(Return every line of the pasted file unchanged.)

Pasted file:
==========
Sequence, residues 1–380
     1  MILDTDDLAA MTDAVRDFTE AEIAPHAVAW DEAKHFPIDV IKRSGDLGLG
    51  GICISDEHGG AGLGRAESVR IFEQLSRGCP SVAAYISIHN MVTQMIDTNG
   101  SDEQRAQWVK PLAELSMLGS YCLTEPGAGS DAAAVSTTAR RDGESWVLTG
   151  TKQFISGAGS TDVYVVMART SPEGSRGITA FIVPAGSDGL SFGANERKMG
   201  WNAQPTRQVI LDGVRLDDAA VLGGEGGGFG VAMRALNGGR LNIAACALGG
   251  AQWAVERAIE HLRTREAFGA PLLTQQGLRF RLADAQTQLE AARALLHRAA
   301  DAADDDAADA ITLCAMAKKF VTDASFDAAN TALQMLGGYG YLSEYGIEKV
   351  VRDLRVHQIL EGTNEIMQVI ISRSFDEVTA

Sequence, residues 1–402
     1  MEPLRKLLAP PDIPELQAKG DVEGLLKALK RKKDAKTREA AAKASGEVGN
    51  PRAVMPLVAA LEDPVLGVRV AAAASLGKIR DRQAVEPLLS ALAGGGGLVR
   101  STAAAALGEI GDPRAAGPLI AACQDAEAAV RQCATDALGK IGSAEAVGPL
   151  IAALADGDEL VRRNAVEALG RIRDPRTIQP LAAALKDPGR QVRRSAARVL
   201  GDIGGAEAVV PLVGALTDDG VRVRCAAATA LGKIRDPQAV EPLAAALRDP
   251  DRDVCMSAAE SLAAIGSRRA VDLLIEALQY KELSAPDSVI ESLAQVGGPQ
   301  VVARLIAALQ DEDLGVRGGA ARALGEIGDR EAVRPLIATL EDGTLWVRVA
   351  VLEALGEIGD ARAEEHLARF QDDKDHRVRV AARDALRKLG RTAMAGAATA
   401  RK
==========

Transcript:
Sequence, residues 1–380
     1  MILDTDDLAA MTDAVRDFTE AEIAPHAVAW DEAKHFPIDV IKRSGDLGLG
    51  GICISDEHGG AGLGRAESVR IFEQLSRGCP SVAAYISIHN MVTQMIDTNG
   101  SDEQRAQWVK PLAELSMLGS YCLTEPGAGS DAAAVSTTAR RDGESWVLTG
   151  TKQFISGAGS TDVYVVMART SPEGSRGITA FIVPAGSDGL SFGANERKMG
   201  WNAQPTRQVI LDGVRLDDAA VLGGEGGGFG VAMRALNGGR LNIAACALGG
   251  AQWAVERAIE HLRTREAFGA PLLTQQGLRF RLADAQTQLE AARALLHRAA
   301  DAADDDAADA ITLCAMAKKF VTDASFDAAN TALQMLGGYG YLSEYGIEKV
   351  VRDLRVHQIL EGTNEIMQVI ISRSFDEVTA

Sequence, residues 1–402
     1  MEPLRKLLAP PDIPELQAKG DVEGLLKALK RKKDAKTREA AAKASGEVGN
    51  PRAVMPLVAA LEDPVLGVRV AAAASLGKIR DRQAVEPLLS ALAGGGGLVR
   101  STAAAALGEI GDPRAAGPLI AACQDAEAAV RQCATDALGK IGSAEAVGPL
   151  IAALADGDEL VRRNAVEALG RIRDPRTIQP LAAALKDPGR QVRRSAARVL
   201  GDIGGAEAVV PLVGALTDDG VRVRCAAATA LGKIRDPQAV EPLAAALRDP
   251  DRDVCMSAAE SLAAIGSRRA VDLLIEALQY KELSAPDSVI ESLAQVGGPQ
   301  VVARLIAALQ DEDLGVRGGA ARALGEIGDR EAVRPLIATL EDGTLWVRVA
   351  VLEALGEIGD ARAEEHLARF QDDKDHRVRV AARDALRKLG RTAMAGAATA
   401  RK